It is important to emphasize that these injustices are not a one-time slippage or straying away from the path. These injustices are not a mistake or a symptom, they are the policy and the disease. The actions of the Israeli military in 2020 are nothing but a continuation and upholding of the legacy of massacre, expulsion of families, and land theft, the legacy which “enabled” the establishment of the State of Israel, as a proper democratic state, for Jews only.
Historically, the military has been seen as a tool which serves the “melting pot” policy, as an institution which crosscuts social class and gender divides in Israeli society. In reality, this could not be further from the truth. The military is enacting a clear program of ‘channelling’; soldiers from upper-middle class are channelled into positions with economic and civilian prospects, while soldiers from lower socioeconomic backgrounds are channelled into positions which have high mental and physical risk and which do not provide the same head start in civil society. Simultaneously, women’s representation in violent positions such as pilots, tank commanders, combat soldiers, and intelligence officers, is being marketed as feminist achievement. How does it make sense that the struggle against gender inequality is achieved through the oppression of Palestinian women? These “achievements” sidestep solidarity with the struggle of Palestinian women. The military is cementing these power relations and the oppression of marginalized communities through a cynical co-opting of their struggles.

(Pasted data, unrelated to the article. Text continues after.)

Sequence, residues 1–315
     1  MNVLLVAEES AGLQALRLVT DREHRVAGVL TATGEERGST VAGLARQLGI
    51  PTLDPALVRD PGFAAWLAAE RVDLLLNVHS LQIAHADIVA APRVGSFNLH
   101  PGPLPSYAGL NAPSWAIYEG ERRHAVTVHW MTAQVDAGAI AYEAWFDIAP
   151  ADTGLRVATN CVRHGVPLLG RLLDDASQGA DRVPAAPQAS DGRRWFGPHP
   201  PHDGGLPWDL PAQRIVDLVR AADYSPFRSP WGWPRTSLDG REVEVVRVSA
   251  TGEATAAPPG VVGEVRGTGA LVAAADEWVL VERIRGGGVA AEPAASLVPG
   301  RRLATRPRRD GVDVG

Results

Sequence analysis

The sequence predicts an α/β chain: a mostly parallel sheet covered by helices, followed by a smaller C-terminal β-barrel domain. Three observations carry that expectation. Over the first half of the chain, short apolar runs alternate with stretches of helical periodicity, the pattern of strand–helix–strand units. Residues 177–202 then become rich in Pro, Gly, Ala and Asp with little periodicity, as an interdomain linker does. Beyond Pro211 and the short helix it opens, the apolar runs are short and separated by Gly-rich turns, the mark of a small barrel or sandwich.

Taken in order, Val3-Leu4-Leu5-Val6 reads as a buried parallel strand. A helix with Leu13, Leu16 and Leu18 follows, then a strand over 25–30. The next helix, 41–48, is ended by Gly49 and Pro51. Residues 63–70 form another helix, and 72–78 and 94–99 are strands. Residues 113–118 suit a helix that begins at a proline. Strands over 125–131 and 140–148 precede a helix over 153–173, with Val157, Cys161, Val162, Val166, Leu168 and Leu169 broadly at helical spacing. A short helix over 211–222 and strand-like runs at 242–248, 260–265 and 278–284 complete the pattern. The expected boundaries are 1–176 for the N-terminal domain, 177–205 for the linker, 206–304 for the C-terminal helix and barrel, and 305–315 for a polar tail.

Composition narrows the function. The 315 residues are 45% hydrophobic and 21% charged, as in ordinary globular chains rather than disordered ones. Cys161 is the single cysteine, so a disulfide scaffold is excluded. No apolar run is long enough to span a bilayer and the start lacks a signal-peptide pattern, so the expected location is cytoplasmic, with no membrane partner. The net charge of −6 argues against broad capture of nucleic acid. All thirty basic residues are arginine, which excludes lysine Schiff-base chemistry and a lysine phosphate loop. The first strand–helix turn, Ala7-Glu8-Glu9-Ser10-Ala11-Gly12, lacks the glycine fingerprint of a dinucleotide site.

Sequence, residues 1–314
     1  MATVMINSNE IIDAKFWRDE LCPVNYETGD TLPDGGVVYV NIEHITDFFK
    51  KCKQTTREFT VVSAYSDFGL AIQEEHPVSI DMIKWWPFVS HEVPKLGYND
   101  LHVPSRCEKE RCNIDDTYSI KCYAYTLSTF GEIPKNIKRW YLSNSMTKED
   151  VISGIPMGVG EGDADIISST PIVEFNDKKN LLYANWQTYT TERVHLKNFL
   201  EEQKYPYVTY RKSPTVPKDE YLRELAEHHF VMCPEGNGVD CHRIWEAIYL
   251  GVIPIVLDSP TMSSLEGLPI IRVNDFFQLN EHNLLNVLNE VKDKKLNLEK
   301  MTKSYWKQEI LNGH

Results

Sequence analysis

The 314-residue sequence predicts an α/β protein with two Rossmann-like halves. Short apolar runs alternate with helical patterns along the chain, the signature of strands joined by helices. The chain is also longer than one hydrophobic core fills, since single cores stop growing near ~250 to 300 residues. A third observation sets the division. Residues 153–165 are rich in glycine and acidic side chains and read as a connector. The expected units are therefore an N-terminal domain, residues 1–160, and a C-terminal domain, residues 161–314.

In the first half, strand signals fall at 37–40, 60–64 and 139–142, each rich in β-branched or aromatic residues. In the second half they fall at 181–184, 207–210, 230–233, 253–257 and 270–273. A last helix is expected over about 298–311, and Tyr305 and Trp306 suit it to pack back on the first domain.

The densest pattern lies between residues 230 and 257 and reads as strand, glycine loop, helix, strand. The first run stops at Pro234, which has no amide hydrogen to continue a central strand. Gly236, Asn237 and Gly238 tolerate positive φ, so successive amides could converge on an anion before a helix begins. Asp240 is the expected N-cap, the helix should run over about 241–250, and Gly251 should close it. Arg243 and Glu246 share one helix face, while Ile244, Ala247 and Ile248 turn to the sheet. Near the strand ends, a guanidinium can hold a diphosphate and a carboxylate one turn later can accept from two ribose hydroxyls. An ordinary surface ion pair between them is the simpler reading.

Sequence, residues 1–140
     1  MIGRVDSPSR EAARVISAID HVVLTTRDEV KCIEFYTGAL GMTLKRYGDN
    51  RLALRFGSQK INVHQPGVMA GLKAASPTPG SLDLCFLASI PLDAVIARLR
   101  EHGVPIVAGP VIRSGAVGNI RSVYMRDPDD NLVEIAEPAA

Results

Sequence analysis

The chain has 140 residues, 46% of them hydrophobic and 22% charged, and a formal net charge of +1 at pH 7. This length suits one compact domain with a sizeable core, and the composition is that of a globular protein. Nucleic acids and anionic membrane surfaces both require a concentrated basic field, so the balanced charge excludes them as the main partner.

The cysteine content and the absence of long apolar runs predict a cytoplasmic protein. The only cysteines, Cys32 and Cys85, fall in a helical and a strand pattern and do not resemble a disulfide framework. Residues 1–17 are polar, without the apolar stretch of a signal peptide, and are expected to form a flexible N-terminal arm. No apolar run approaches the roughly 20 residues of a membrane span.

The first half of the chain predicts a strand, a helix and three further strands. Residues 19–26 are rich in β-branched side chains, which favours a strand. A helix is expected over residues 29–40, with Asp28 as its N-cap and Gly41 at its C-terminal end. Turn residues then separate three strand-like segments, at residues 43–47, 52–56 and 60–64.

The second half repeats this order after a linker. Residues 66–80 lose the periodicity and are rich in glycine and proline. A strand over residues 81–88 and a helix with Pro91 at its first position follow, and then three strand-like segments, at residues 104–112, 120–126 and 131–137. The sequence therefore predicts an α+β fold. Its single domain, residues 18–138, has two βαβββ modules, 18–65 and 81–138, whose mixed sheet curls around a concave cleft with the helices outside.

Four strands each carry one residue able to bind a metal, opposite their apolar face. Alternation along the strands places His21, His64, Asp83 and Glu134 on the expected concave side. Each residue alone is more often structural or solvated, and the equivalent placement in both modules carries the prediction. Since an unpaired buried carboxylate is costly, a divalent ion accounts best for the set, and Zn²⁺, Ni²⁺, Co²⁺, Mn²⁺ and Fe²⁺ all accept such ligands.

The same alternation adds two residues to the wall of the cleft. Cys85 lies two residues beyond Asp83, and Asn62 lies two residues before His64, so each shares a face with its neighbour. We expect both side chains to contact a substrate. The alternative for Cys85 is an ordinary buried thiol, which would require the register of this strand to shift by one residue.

We are calling for high school seniors (shministiyot) our age to ask themselves: What and who are we serving when we enlist in the military? Why do we enlist? What reality do we create by serving in the military of the occupation? We want peace, and real peace requires justice. Justice requires acknowledgment of the historical and present injustices, and of the continuing Nakba. Justice requires reform in the form of the end of the occupation, the end of the siege on Gaza, and recognition of the right of return for Palestinian refugees. Justice demands solidarity, joint struggle, and refusal.
International Solidarity Declaration
I stand together with the Shministiyot (Israeli high schoolers) who are refusing to serve in the Israeli military. As people of consience around the world, we share their commitment to solidarity, deep care for all people, and recognition that systems of oppression were created by people and can be dismantled by people. In refusing to take part in the Israeli government’s occupation and by rejecting militarism and settler colonialism, the Shministiyot are demonstrating solidarity with the Palestinian people who live under occupation, as well as with Palestinian refugees and their descendants in the exile. It’s our responsibility as a global community to support those who see injustice in their own societies and choose solidarity instead.